Pakistan is full of rich history, heritage, and culture. Numerous dynasties in different eras have lived here and have left their mark. The likes of Sher Shah Suri, the Mughals, and Nawab Muhammad Wali Khan Laghari erected significant buildings in Pakistan like mosques, forts, historical sites, etc. that stand to this day and are popular tourist attractions.
Quick Facts of Forts in Pakistan
|Fort||Built By||Located In||Estimated Completion|
|Rohtas Fort||Sher Shah Suri||Jhelum||16th century|
|Red Fort||Sultan Muzaffar Khan||Azad Kashmir||1646|
|Baltit Fort||Unknown||Gilgit Baltistan||Unknown|
|Bala Hisar Fort||Unknown||KPK||Unknown|
|Lahore Fort||Emperor Akbar||Punjab||1605|
|Ranikot Fort||Nawab M Wali Khan||Sindh||17th century|
|Shigar Fort||Amacha Dynasty||Gilgit Baltistan||17th century|
|Attock Fort||Emperor Akbar||Punjab||1583|
|Malot Fort||Janjua Emperor||Punjab||980 AD|
Kila Rohtas is a fortress near Jhelum that was built in the 16th century. It was constructed between 1541 and 1548 during the reign of Sher Shah Suri to ward off rebellious tribes from the Potohar region. The most intriguing aspect of this fort is that, despite being the largest in the subcontinent, it was never stormed by force.
The Red Fort, also known as the Muzaffarabad Fort, was built in the 16th century by the Chak rulers of Kashmir. River Neelum, which was formerly known as Kishanganga River, surrounds the fort on three sides.
The Dogra military extensively used this fort until 1926, when a new cantonment was built. The fort was completely abandoned around 1947.
Baltit Fort, located in the scenic Hunza Valley, was built in the 8th century CE and has been on the UNESCO World Heritage Tentative list since 2004. The history of the fort is traced back some 700 years to Ayasho II, the Mir of Hunza.
Bala Hisar Fort
This fort in Peshawar was once used as a royal winter residence for the Durrani Empire. It has been completely renovated and is now in use by the Pakistan Frontier Corps.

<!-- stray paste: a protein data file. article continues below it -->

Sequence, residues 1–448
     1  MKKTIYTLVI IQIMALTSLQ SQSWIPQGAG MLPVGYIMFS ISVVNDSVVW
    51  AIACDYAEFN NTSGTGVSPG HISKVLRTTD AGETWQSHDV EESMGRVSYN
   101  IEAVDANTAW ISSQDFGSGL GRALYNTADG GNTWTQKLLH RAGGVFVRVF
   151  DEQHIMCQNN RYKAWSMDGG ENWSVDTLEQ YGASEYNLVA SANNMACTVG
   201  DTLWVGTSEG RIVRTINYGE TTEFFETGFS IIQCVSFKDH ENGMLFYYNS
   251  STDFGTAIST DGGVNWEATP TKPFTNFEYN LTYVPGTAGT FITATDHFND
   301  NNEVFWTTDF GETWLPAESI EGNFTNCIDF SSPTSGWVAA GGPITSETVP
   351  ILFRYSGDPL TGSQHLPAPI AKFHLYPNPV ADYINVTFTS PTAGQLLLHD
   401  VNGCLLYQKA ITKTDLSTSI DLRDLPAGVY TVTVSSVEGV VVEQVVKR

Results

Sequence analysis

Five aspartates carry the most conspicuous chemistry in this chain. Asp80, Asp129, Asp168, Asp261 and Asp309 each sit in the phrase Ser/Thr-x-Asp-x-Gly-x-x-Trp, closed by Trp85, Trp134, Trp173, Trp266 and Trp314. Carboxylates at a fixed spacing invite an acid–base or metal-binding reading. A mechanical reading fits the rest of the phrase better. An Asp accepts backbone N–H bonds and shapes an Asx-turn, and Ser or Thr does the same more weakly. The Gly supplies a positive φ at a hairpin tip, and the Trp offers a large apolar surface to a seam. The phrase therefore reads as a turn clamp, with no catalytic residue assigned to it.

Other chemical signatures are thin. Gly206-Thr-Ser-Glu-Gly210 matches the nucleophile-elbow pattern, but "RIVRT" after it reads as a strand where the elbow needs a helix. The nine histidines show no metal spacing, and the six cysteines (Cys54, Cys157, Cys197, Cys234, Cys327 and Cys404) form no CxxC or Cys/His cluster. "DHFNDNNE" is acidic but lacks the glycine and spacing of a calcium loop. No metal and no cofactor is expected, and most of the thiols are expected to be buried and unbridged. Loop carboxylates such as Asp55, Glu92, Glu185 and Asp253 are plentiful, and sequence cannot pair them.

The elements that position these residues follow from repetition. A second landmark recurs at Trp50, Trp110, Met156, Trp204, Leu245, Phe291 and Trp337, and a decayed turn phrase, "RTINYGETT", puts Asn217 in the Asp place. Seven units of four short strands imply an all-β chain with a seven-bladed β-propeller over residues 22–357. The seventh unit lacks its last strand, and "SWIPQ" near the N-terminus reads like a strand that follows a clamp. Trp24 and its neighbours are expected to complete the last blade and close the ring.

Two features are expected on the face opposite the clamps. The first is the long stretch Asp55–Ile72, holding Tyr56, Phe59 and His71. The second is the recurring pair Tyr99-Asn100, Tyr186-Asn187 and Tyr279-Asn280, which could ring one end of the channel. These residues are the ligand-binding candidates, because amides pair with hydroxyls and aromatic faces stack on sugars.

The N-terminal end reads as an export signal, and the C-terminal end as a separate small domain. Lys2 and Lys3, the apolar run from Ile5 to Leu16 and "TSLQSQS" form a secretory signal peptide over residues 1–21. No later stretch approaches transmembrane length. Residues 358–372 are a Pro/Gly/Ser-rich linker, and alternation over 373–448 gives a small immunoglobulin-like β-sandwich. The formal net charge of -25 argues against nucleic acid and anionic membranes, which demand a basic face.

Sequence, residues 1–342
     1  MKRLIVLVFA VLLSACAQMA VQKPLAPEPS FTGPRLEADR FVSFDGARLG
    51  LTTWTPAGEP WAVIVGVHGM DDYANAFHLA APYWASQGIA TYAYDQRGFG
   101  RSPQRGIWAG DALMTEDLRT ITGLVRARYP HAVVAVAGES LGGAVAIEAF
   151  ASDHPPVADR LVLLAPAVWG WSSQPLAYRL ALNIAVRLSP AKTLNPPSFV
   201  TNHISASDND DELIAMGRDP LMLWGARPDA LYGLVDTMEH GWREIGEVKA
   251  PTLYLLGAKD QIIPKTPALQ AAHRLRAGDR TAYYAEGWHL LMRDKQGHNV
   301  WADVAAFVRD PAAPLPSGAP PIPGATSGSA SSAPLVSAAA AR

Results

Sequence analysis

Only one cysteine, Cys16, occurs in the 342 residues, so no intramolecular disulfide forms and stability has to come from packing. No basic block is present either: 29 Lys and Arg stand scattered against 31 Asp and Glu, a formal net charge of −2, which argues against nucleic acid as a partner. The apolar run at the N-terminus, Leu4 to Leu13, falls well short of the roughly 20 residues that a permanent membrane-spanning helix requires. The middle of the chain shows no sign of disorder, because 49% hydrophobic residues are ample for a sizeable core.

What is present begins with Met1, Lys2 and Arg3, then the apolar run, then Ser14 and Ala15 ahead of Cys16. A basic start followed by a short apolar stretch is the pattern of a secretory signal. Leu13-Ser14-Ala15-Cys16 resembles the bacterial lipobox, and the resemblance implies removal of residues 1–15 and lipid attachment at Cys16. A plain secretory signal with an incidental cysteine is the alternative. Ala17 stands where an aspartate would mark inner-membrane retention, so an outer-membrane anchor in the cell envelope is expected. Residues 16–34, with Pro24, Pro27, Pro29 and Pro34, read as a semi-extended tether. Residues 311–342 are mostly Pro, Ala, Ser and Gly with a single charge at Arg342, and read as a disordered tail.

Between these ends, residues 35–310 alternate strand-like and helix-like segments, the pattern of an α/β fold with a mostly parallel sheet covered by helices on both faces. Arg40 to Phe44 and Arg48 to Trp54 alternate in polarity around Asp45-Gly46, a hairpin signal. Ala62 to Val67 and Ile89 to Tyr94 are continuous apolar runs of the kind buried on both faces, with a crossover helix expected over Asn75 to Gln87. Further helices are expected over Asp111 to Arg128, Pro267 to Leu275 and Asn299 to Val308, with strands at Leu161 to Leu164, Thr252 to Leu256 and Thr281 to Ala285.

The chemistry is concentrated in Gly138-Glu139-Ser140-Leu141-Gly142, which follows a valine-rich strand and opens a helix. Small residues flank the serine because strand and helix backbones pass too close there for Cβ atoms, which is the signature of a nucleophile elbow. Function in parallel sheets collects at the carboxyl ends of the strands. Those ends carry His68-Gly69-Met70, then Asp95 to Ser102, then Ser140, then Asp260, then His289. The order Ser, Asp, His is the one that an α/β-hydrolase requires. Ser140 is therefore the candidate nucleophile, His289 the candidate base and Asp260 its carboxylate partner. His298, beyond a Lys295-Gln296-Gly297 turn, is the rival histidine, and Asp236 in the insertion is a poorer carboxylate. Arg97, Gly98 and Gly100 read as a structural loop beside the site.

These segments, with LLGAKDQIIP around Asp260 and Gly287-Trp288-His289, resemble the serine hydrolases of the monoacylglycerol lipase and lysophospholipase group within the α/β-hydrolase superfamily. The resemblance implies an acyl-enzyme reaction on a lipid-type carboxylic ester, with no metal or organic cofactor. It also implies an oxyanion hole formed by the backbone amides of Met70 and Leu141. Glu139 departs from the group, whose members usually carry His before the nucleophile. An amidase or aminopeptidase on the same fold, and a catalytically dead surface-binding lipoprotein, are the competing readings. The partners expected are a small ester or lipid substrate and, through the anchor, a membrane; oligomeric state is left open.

Qilla Derawar, one of the highly popular forts in Pakistan, is a stunning sight in the Cholistan Desert. It is 130 kilometres south of Bahawalpur. The best time to visit is during the famous Cholistan Desert Jeep Rally in February. Its forty bastions can be seen for miles across the desert.
This is a citadel in Lahore, located at the northern end of the famous Walled City. One of the most visited forts in Pakistan, the Lahore Fort covers more than 20 hectares, and serves as a stunning reminder of the Mughal empire’s glory.
Sindh is unparalleled when it comes to forts, and the Ranikot Fort located near Sann in the Jamshoro district is the jewel of the crown. It is known as The Great Wall of Sindh and is the largest fort in Pakistan. It is also estimated to be one of the world’s biggest forts with its circumference of 32 km or 20 miles.
Ramkot Fort is an ancient fort in Azad Kashmir that offers spectacular views of the Mangla Dam. It is located 13 kilometers from Dina and 79 kilometers from Mirpur and is only accessible by boat.
The Shigar Fort may not be as majestic as the others on this list, but it is its setting in a peaceful, quiet village, as well as its quaint garden and sitting areas that make it unique. The fort, built in the 17th century by the Raja of the Amacha Dynasty of Shigar, has been completely renovated and is now used as a hotel.
The Attock Fort is located at the confluence of Punjab and Khyber Pakhtunkhwa, approximately 80 kilometers from Islamabad’s capital city.
If you are traveling from Islamabad to Peshawar, you will undoubtedly pass by this magnificent fort, which is located just a few kilometers from Attock on the right bank of the River Indus, next to Peshawar Road.
A beautiful, Victorian-style railway station was built only two kilometers from the Attock Fort in 1880.
Sangni Fort is part of a chain of fortifications that runs along the Potohar plateau, halfway between Ramkot Fort, 25 kilometers to the southeast, and Rawat Fort, 28 kilometers to the west. It was most likely built in the late Mughal era, but it was extensively reinforced during the Sikh period, which began in 1814. It was later used as a jail, either by the Sikhs or possibly after the British took over Punjab in 1849.
During a survey of archaeological sites in the Salt Range in 1860, Sir Alexander Cunningham declared the facade of Malot Fort to be “strikingly bold and picturesque.”
He further wrote, “The height of the trefoil arch and the massiveness of the square pilasters at the corners give the building an air of dignity that is greatly enhanced by its richly fluted semi-circular pillars.”
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